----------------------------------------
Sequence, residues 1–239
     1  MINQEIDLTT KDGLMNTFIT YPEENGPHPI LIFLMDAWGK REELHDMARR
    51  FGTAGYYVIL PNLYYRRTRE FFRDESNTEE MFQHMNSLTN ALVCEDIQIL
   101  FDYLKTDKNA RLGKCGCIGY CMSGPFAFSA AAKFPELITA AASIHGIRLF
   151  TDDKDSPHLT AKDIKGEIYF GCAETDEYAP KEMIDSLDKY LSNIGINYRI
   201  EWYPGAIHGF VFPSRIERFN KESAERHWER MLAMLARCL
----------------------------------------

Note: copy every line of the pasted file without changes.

Sequence, residues 1–239
     1  MINQEIDLTT KDGLMNTFIT YPEENGPHPI LIFLMDAWGK REELHDMARR
    51  FGTAGYYVIL PNLYYRRTRE FFRDESNTEE MFQHMNSLTN ALVCEDIQIL
   101  FDYLKTDKNA RLGKCGCIGY CMSGPFAFSA AAKFPELITA AASIHGIRLF
   151  TDDKDSPHLT AKDIKGEIYF GCAETDEYAP KEMIDSLDKY LSNIGINYRI
   201  EWYPGAIHGF VFPSRIERFN KESAERHWER MLAMLARCL